Beginner’s Guide to Alfred Hitchcock: Stage Fright (1950)
It’s important for an audience to trust the filmmaker. We have to trust that the filmmaker will guide us through the twists and turns of the story with precision, artistry, and efficiency. So what happens when a director lies to us within the film? Flashbacks in general are supposed to be the truth, letting the audience know what happened to fill in the blanks. In his 1950 mystery film Stage Fright, Alfred Hitchcock breaks that longstanding rule. The film stars Jane Wyman, Marlene Dietrich, Michael Wilding, Richard Todd, and Alistair Sim. Based on the novel Man Running by Selwyn Jepson, the script was adapted by Whitfield Cook and Alma Reville.
Eve (Wyman) is an actress studying at the Royal Academy of Dramatic Arts in London. Her friend Jonathan (Todd) tells her how his secret lover, the theatre star Charlotte (Dietrich) came to him with a bloodstained dress asking for his help after she killed her husband. Eve and her father, the Commodore (Sim), think Charlotte is framing Jonathan. Eve overhears Charlotte’s maid (Kay Walsh) talking about the case in a bar, and soon after becomes friendly with Inspector Smith (Wilding). Eve poses as a reporter and convinces the maid to introduce her to Charlotte as a cousin named Doris so she can investigate from inside Charlotte’s home.
On its own, Stage Fright is a middling mystery. The film is notable for being one of the few films Hitchcock made in England after moving to Hollywood in 1939. (Indeed the director would not shoot in his native country again until the 1970s.) Mysteries like Stage Fright were quite common in England at the time, popularized by Agatha Christie. The story is kind of rote, without much intrigue or danger. As much as I like Jane Wyman, I didn’t find hers or the other actors’ performances compelling or layered, except for Marlene Dietrich as Charlotte.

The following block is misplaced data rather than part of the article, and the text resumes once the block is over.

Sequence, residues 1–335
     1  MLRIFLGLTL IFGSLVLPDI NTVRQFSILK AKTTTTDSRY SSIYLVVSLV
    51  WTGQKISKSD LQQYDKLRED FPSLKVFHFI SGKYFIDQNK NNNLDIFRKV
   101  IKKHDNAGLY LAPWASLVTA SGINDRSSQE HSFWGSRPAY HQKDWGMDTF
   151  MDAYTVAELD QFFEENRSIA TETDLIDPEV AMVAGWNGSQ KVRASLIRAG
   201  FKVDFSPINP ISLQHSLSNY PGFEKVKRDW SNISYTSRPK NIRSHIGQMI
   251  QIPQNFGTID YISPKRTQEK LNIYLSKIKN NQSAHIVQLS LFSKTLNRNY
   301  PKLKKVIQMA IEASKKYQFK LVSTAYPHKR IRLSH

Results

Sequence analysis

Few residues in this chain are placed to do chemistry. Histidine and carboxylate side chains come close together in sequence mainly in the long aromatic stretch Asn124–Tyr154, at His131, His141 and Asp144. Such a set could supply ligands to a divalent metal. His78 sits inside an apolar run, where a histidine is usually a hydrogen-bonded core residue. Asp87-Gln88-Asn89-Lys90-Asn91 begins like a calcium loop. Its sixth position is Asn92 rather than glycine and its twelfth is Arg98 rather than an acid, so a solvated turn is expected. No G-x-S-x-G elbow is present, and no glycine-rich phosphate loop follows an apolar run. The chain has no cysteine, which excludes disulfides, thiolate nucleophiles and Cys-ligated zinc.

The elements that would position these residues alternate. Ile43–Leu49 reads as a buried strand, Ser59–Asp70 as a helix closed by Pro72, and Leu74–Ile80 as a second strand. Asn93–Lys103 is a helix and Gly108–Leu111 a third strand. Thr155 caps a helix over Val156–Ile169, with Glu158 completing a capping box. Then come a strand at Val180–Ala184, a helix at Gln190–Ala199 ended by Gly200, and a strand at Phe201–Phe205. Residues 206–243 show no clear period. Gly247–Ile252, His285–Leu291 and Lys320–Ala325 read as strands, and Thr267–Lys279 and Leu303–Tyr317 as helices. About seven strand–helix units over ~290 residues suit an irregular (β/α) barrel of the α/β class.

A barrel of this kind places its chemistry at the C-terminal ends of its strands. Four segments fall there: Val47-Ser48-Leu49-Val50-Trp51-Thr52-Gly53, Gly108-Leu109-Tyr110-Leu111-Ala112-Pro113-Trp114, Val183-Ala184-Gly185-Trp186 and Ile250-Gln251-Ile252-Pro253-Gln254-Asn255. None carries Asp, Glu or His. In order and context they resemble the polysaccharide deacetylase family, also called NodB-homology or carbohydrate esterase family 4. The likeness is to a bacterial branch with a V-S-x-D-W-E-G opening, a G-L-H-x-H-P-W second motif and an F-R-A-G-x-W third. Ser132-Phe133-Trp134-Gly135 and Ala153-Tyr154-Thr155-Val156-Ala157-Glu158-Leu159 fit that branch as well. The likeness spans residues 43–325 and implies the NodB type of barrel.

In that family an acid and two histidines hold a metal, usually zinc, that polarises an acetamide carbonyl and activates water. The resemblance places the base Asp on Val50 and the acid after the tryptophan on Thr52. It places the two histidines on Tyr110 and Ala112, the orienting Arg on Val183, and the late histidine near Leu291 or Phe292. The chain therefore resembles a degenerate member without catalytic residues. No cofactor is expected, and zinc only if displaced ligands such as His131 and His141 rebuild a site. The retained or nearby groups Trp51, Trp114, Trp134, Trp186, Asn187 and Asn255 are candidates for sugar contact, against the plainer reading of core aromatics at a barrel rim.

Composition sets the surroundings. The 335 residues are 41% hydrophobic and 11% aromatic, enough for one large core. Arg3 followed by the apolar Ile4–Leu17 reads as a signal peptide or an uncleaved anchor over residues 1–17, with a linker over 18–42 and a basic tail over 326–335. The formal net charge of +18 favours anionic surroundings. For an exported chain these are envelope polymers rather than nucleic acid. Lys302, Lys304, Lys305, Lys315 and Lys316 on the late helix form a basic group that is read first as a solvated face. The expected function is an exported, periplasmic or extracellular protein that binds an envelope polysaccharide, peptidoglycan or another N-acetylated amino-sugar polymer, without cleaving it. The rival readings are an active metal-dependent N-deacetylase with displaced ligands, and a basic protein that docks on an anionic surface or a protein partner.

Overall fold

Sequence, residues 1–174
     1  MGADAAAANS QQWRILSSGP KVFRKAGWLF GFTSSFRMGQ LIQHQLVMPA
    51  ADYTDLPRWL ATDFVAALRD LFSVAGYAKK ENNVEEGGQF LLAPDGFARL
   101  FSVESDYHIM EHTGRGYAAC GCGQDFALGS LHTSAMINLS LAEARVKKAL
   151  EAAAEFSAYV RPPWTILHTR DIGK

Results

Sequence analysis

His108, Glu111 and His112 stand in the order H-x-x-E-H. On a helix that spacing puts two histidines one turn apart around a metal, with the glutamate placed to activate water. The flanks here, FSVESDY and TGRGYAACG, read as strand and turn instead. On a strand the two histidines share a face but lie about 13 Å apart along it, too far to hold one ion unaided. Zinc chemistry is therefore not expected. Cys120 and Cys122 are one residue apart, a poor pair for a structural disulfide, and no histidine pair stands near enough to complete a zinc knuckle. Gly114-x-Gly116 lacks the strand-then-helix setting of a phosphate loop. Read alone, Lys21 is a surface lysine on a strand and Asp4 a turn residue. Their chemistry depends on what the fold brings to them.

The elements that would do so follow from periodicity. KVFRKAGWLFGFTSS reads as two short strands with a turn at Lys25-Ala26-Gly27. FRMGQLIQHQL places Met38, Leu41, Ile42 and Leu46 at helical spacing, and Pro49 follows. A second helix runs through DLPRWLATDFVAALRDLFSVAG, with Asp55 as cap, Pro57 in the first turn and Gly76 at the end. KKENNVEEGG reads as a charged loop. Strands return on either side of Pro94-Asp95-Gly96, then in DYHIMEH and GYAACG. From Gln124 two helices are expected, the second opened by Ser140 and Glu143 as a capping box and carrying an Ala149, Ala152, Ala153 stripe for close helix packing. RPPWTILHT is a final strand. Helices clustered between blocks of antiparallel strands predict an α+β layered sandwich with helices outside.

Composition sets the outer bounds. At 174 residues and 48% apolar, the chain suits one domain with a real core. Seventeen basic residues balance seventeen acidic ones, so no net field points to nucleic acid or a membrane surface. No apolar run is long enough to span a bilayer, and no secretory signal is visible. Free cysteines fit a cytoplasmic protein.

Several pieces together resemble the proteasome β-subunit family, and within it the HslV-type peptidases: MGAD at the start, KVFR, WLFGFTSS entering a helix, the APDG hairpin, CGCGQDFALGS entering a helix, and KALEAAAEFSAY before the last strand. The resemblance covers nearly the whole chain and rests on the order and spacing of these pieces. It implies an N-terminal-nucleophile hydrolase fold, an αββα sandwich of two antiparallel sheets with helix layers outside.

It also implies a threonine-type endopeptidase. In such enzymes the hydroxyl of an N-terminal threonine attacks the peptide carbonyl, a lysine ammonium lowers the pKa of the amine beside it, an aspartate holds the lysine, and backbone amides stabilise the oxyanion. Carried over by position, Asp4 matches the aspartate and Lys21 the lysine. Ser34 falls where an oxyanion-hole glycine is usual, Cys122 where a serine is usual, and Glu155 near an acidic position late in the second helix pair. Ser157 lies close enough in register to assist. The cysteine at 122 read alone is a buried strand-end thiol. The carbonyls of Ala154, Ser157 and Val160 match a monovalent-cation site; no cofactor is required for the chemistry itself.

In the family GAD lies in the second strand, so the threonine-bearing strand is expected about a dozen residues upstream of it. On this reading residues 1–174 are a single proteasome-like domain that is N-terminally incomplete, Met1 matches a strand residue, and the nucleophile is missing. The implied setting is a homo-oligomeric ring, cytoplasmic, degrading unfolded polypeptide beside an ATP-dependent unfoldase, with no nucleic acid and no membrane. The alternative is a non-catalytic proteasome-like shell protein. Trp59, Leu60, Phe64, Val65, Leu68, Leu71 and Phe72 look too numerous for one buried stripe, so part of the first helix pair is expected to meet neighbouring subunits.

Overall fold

Hitchcock worked well with the German actress. He allowed for Dietrich to have control over her shots, her lighting, her costumes (by Christian Dior), and her camera angles. Marlene Dietrich was famous for being quite accomplished with the technical aspects of filmmaking, and Hitchcock stepped back so she could take the reins. Hitchcock had some sarcastic remarks about that I’m sure, but Dietrich makes for a classic Hitchcock femme fatale. Dietrich is the only truly commanding actor in the film.
As I mentioned above, Stage Fright is most famous for its opening flashback, where Jonathan relates to Eve his involvement in the murder. The flashback is a lie and it’s the first lie in a story built on people lying to each other. Critics at the time were incensed by this storytelling tactic, feeling they had been cheated. I think if the film were a bit more artfully made, and the narrative were more urgent, this trick would have more impact. The opening of the film, divorced from the rest of the film, is great. Hitchcock throws us into middle of a car chase where two people are being followed by the police. He then immediately transitions to a bizarre flashback starring a new character. It’s quite audacious, but I can see how it doesn’t quite payoff.
Stage Fright doesn’t have the best reputation, but I was hoping it would emerge as a forgotten classic. The main takeaways from the film are the novelty of the false flashback and Marlene Dietrich’s incredible performance. The film does feature one of Hitchcock’s favorite motifs: performances both on and off the stage. Characters play different roles and their parts on the stage reflect their real lives. That theme doesn’t quite go anywhere though. Stage Fright had the potential to be a memorable Hitchcockian thriller with an arresting opening, but the execution leaves something to be desired.